Thursday, May 29, 2014

Does Moses Add His Own Condition Regarding Consecration? -- Exodus 19:14-15


So Moses went down from the mountain to the people and consecrated the people, and they washed their garments.  And he said to the people, “Be ready for the third day; do not go near a woman.”
 
Every once in a while we are presented with a text in Scripture that some of us may find a little problematic or at least one that we need to dig deeper into.  This is one such verse for me, as you will see.
After God tells Moses that He wanted him to consecrate the people and to prepare them for His coming down “on Sinai”, Moses does return to the bottom of the mountain and consecrates the Children of Israel.  The people did indeed wash their garments as a symbol of their willingness to present themselves as being clean before God, but what about their hearts, their minds, and their lives or behavior?  The answer seems to reveal itself in later chapters and books of Scriptures.  While washing our clothes, we would do well, Matthew Henry suggests, to be thinking about washing our souls by repenting from the sins we have committed since our deliverance. He also writes, “It becomes us to appear in clean clothes when we wait upon great men; so clean hearts are required in our attendance on the great God, Who sees them as plainly as men see our clothes. This is absolutely necessary to our acceptably worshipping God.”  Note he is not saying we need our “Sunday best” to be worn at all times, but is calling for the equivalent in clean hearts.
But the real problematic part for me was the issue of whether or not the message of the need for consecration was only for the men?  Is that why Moses warned them “do not go near a woman” again until we have met with God?  If not, why was that said?
Commentator Chuck Smith simply states that this was spoken to men with respect to their wives.  That is, they were not to have sexual relations with them for this short period of time.  They were to just really set themselves aside for God, and God alone.  And perhaps since it was the men who in those days dominated the sexual relationships between husband and wife, Moses addressed this statement to them, while the whole consecration matter was intended for all the Children of Israel.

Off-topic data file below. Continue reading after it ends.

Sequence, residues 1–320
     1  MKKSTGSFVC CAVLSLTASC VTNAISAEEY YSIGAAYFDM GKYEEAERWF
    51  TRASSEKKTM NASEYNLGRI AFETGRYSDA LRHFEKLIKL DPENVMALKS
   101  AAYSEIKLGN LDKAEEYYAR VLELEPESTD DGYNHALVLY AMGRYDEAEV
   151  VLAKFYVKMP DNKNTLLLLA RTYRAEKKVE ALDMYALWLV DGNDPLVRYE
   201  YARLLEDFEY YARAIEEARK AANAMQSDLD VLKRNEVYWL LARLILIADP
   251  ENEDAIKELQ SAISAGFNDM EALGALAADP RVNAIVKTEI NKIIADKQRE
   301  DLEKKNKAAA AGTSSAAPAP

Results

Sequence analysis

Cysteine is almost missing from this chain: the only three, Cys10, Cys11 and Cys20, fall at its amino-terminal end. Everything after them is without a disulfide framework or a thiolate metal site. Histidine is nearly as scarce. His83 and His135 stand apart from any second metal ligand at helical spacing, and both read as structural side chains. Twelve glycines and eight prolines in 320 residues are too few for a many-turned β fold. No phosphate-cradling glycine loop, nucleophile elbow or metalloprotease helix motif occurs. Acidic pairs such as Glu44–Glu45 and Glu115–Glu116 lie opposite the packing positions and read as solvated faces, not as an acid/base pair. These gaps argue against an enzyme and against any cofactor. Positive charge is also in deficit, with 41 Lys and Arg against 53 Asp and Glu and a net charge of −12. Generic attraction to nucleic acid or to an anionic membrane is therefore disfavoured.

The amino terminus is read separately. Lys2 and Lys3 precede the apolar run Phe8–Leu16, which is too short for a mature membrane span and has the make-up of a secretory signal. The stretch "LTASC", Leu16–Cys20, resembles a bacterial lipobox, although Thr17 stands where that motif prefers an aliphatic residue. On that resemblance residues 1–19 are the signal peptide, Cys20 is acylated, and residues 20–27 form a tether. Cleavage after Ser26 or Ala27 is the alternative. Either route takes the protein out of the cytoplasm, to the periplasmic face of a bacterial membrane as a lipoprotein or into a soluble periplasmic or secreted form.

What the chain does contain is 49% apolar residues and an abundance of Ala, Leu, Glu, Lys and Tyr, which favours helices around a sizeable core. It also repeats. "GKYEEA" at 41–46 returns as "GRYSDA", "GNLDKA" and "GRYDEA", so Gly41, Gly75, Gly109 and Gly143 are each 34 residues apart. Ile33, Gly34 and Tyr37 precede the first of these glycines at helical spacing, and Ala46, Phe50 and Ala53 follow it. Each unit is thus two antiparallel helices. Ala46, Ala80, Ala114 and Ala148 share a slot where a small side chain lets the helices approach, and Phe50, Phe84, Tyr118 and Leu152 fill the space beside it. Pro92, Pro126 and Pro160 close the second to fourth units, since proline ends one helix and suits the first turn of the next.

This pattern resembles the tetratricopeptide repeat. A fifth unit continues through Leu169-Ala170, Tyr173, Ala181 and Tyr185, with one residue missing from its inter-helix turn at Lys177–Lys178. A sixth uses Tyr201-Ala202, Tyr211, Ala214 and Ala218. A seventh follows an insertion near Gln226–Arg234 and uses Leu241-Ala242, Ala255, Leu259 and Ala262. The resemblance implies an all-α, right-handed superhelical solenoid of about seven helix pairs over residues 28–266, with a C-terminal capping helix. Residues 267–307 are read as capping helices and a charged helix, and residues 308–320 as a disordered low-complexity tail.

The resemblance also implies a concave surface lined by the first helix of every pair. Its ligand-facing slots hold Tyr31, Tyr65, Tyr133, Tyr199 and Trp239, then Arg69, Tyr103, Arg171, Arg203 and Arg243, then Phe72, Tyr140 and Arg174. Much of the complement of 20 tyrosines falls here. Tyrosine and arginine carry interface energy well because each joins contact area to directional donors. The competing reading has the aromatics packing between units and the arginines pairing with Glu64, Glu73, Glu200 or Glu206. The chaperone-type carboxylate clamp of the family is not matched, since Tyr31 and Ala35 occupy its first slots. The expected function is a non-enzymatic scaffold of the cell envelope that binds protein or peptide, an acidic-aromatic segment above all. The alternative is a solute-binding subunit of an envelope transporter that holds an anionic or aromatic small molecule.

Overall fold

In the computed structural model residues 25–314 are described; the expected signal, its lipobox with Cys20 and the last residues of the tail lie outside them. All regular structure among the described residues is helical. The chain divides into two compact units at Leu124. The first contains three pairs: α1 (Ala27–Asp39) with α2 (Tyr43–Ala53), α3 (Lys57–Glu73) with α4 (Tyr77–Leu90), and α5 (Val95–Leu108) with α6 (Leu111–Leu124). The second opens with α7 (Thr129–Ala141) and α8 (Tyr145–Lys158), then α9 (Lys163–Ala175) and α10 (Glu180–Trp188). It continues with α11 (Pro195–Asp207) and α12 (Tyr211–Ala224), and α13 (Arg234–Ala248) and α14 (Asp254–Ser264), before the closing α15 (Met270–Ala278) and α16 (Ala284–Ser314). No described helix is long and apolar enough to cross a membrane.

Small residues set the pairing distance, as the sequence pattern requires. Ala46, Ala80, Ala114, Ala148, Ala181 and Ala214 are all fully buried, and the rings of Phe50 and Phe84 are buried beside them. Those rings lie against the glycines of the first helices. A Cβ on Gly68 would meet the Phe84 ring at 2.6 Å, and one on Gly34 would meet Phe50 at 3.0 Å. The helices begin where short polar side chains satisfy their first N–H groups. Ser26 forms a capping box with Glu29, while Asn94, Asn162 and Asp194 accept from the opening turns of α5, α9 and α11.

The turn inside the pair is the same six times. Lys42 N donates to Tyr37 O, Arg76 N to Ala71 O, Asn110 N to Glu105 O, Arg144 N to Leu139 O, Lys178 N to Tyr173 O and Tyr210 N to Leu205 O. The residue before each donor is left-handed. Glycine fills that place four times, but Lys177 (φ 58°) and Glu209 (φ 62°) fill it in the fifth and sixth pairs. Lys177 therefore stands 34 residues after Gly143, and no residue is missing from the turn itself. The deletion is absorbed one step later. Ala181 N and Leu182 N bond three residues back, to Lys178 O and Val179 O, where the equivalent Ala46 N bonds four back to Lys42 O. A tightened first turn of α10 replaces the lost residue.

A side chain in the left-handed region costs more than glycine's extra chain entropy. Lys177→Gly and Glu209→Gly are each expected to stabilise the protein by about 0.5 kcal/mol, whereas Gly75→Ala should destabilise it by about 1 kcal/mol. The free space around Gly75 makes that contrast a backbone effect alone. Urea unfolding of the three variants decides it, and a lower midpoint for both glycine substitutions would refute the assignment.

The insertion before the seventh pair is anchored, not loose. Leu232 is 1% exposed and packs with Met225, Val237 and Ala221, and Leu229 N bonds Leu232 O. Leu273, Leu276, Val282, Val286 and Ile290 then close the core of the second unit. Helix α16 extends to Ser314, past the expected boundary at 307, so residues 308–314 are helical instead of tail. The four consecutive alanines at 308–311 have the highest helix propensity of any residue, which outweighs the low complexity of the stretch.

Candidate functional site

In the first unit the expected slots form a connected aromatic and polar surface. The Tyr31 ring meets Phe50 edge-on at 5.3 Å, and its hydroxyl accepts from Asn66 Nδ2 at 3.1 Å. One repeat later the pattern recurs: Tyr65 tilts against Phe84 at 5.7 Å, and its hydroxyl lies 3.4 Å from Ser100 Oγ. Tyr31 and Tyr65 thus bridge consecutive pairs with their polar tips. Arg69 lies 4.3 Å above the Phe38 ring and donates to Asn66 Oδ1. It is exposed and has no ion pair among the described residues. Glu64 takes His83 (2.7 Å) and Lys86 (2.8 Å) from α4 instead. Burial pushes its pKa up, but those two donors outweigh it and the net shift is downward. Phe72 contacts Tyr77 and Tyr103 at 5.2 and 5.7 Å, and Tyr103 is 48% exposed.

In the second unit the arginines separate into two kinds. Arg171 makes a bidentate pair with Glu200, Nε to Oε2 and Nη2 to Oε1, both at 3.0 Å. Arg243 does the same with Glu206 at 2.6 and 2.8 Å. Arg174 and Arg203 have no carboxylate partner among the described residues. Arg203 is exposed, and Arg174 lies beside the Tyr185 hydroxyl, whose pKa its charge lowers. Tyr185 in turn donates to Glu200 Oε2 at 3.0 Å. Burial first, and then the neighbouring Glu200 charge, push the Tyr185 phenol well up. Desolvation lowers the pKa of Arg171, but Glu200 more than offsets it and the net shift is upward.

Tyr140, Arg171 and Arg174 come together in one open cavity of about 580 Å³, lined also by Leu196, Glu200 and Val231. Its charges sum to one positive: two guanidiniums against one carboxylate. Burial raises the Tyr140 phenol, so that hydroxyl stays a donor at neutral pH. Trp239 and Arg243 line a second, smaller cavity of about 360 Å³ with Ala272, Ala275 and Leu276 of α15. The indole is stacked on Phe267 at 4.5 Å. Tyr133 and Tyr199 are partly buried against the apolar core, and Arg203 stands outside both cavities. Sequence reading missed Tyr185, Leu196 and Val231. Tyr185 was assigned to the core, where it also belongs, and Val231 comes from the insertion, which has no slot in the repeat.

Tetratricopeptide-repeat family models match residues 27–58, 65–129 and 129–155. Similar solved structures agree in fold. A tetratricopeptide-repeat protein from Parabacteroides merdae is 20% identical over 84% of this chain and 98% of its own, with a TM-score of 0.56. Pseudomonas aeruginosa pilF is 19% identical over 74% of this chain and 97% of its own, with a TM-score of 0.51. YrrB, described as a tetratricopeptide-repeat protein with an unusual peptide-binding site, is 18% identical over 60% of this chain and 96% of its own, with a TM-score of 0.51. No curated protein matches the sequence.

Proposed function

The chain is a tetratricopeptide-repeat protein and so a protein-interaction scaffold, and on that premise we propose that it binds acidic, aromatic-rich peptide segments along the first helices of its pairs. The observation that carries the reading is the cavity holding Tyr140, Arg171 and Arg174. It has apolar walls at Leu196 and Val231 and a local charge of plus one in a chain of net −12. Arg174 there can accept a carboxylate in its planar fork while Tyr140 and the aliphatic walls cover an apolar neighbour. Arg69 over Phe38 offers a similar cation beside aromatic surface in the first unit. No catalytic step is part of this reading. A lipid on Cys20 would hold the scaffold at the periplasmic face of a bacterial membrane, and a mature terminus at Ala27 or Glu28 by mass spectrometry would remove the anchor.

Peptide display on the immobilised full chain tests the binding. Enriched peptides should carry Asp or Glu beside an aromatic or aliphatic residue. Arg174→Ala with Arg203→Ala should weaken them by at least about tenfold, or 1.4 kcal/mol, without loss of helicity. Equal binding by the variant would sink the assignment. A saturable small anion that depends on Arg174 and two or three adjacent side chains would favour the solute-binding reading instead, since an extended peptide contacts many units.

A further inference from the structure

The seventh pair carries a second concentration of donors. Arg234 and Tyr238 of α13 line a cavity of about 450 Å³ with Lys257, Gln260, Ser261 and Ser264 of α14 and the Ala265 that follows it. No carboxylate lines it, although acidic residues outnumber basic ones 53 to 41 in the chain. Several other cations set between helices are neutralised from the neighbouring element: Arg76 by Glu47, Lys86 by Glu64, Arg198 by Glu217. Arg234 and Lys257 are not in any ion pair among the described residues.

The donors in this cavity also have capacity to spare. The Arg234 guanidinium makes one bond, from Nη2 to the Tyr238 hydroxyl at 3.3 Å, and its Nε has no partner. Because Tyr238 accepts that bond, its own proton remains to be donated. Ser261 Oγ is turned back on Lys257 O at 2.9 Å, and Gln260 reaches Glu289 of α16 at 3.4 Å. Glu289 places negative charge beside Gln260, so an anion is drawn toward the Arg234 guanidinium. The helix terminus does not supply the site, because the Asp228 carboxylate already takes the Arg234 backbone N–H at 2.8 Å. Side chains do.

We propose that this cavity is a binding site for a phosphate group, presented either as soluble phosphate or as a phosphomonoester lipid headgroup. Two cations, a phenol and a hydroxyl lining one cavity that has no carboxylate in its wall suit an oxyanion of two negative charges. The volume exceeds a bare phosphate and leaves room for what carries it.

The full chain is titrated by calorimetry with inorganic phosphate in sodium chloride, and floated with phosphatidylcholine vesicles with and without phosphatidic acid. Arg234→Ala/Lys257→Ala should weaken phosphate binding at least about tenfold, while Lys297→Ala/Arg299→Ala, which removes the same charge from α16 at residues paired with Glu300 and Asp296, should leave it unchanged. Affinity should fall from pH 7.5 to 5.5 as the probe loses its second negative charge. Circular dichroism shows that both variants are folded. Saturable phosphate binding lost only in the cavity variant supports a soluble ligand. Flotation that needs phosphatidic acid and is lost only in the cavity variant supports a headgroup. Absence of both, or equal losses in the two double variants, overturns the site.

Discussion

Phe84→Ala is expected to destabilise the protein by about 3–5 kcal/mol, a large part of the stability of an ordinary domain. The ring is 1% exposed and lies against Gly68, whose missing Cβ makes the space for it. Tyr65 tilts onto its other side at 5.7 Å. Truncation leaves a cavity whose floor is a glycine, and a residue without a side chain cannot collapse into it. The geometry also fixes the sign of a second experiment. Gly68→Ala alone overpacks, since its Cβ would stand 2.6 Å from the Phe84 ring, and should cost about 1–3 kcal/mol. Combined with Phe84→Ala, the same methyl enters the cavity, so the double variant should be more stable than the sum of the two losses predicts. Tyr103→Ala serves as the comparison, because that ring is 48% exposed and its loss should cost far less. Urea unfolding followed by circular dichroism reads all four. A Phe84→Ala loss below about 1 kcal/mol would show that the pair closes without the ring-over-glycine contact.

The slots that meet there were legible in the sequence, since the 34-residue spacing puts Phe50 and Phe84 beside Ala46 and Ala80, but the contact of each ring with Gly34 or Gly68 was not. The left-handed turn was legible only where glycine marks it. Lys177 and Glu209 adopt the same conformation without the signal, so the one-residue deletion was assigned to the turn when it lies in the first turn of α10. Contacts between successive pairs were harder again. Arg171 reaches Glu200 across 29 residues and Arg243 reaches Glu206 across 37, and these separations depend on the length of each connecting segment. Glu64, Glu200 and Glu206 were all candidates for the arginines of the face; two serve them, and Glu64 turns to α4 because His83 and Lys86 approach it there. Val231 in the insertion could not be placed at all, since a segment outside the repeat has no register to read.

Moses was saying, “Look if you want to have done all you could to be ready to meet God when He comes down on Sinai, you need to focus on Him and that means no sex with your wives until after that – it’s only two days.”  You may think that what Moses was asking for was a little too much.  Well, maybe.  I must admit I am a little puzzled by it especially as we have no record here of God demanding this.  However, in I Corinthians 7:5, the apostle Paul writes the following: “Stop depriving one another, except by agreement for a time that you may devote yourselves to prayer, and come together again lest Satan tempt you because of your lack of self-control.”  That’s the New Testament take on the same matter.  But it is addressed to both the husband and the wife.  Society had changed much on this topic from the day of Moses to the time of Paul.  The matter of equality of husband and wife, before God, continued to evolve as a concept in the New Testament, and neither Jesus nor the Apostles taught against this progression.
There is an excellent book on this very development, as well as two others, in Scripture written by William J. Webb. It is entitled Slaves, Women & Homosexuals: Exploring The Hermeneutics of Culture Analysis.  Intervarsity Press, 2001, is the publisher.
Did Moses add something here on his own initiative?  Perhaps he did, but God allowed it to remain as part of His Holy Word.  And Paul supported it many years later.  Did Moses do this because he felt it was appropriate and/or what God would expect?  Not sure.  This was not the last time that Moses was to act on his own.  And when he did so another time it cost him dearly.  However, here, clearly, even if he acted on his own initiative as a leader, God did not disapprove of his action.
Here’s the bottom line for me.  If we want to meet with God on the mountain and hear His voice and get His directions for our lives, it cannot be on a spur of the moment type of thing.  Great preparation is necessary.  And that means physical, mental, and spiritual consecration.  Sometimes I fear far too many of us are guilty of simply wanting what God has for us, but not willing to do our part to receive it.  Salvation may be a free gift of God that we cannot deserve or earn, but walking closely with God and benefitting from His being our Lord and Master, Teacher and Friend, requires hard work.  Just ask Moses or the host of other saints God has used mightily through the ages.
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